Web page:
After more than a decade on the road as Frank Turner’s backing band, The Sleeping Souls are breaking out on their own with this debut album. The four core members are joined by occasional touring member, Cahir O’Doherty, who also takes on the main songwriting duties. Cobbled together during their relentless touring schedule, the album is still nicely polished, though a scattergun approach belies the circumstances of its creation.
Given the group’s longevity and the sheer amount of shows they play, it’s unsurprising that they’re a tight outfit. The searing guitars of Rivals or Caught Up in a Scrape demonstrate a desire to step out of Turner’s shadow, but the more subtle musical choices show their skill as arrangers. Remember Boann has a lovely piano intro that allows the vocals to take on a different tone when they’re not straining against a loud, overstuffed rocker. The same is true of Ceremony and Steal Some Time which are more acoustic, and even introduce some choice string flourishes.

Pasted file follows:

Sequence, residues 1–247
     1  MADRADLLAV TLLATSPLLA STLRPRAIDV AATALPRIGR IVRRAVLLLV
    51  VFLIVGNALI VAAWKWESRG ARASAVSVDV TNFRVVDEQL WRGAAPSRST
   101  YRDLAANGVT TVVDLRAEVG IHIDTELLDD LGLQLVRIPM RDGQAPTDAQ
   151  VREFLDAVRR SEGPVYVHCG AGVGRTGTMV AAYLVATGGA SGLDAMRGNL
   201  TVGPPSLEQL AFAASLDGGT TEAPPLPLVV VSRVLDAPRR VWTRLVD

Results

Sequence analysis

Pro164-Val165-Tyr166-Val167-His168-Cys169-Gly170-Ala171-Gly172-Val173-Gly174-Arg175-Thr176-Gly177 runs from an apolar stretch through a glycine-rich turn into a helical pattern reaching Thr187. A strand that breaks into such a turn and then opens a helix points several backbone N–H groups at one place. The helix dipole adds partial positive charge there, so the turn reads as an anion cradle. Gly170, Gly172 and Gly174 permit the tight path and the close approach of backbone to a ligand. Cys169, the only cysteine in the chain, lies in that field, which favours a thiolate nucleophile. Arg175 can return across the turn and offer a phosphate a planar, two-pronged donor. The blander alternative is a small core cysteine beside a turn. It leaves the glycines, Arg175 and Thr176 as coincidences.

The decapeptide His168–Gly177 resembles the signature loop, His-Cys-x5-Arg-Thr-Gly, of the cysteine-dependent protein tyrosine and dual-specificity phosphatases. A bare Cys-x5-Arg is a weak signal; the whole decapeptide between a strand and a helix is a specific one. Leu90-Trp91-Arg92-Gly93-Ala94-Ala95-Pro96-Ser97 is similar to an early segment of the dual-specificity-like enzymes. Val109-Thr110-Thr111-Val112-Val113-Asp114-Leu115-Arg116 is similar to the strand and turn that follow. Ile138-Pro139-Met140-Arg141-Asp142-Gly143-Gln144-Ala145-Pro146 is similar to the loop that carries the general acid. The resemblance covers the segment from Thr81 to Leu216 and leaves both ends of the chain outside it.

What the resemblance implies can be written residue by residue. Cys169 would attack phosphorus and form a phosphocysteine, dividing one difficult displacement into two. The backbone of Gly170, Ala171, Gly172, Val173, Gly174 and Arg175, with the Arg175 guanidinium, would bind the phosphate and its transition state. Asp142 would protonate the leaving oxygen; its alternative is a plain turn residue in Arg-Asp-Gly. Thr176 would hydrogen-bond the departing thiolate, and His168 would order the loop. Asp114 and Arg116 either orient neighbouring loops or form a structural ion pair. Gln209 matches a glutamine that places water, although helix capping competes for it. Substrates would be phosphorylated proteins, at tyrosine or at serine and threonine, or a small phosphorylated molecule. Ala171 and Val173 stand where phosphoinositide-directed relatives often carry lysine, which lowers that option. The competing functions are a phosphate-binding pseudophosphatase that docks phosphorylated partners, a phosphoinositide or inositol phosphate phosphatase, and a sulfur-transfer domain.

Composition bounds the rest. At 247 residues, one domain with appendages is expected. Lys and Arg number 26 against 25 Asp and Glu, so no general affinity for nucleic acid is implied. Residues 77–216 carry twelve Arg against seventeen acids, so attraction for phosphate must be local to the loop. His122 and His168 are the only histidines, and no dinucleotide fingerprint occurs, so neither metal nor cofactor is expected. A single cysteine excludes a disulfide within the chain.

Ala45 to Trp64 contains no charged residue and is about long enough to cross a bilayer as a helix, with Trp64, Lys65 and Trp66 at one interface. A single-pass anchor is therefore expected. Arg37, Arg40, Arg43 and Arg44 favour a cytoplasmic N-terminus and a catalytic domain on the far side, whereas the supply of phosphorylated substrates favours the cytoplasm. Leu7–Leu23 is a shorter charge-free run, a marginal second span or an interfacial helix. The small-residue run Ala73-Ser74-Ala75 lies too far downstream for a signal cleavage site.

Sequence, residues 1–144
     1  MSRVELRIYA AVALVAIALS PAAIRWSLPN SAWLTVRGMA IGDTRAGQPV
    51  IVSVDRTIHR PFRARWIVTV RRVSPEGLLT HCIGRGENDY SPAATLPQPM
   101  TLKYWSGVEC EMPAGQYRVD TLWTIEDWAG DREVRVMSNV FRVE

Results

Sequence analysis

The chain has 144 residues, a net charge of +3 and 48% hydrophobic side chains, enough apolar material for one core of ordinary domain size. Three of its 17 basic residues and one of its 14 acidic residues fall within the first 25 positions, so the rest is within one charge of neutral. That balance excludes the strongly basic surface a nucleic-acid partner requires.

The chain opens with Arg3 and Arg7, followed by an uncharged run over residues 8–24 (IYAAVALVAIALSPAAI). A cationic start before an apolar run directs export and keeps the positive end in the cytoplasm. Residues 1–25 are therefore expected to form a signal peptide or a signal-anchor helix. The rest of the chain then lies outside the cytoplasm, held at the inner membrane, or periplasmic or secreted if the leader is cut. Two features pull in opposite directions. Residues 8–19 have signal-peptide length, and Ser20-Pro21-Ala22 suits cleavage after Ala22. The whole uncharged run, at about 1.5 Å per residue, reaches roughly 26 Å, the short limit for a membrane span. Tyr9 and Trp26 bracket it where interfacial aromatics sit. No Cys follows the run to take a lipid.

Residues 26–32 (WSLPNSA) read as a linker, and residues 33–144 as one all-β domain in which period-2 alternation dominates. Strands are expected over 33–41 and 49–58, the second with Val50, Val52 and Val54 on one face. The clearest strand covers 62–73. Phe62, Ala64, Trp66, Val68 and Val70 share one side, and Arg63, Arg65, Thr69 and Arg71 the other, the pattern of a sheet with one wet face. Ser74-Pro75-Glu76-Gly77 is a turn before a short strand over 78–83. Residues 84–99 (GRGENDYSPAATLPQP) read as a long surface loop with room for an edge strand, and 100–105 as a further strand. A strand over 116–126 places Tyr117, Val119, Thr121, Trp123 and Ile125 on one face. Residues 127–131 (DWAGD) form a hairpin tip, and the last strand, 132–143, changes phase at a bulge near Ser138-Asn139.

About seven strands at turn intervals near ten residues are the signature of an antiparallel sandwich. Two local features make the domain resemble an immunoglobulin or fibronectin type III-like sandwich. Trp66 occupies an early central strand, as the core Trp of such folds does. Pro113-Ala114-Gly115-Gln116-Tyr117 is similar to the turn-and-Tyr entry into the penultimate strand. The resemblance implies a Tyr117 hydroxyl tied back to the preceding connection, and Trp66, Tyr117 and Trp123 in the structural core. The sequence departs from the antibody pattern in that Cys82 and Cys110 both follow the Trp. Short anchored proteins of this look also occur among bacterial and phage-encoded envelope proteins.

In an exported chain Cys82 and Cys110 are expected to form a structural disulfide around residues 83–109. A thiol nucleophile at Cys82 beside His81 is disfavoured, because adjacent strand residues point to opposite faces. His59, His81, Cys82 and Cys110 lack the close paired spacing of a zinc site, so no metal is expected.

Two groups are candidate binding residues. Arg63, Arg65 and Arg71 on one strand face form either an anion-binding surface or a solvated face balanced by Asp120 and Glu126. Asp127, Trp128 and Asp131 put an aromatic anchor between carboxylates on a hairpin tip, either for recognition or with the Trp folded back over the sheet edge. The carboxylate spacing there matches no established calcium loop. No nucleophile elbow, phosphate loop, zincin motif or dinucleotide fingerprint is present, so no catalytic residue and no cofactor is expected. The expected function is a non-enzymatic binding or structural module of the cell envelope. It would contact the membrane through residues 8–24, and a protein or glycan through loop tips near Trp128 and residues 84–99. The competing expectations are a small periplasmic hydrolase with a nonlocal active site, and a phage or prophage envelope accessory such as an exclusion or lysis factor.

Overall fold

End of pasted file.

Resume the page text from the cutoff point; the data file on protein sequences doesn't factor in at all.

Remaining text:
However, the greater emphasis on the vocals also highlights the fact they’re occasionally a bit cloying in their nasally laments. The lyrics are often despairing: “I don’t wanna be soooooo/ scared of living” or self-loathing: “so call me/ as soon as you wake up/soon as you crawl out from under your shell…you’ll find me/ falling to pieces,” and even in the triumphant moment of cutting out someone toxic from your life there’s a weirdly bitter, boastful tone: “the greatest thing I ever did/ was to walk away from this/…and you never listen.”
Underneath an Ocean of Sky is one of the best moments, when the shredding guitars lock into a good melody. The same happens on Rivals and Caught up in a Scrape where the explosive choruses sound like the best cathartic moments of Foo Fighters. There are more ‘ballad’ moments than you might expect, with first single Liar/Lover being the pick of the bunch, but despite the solid production you can’t help feeling that these tonal shifts (from plucked acoustic to wailing electric guitars, declarations of strength to bitter whinges) are the result of not being able to maintain a unified focus on this project.
Just Before The World Starts Burning rarely sounds bad, but it doesn’t quite hit the heights that you might expect from these talented players.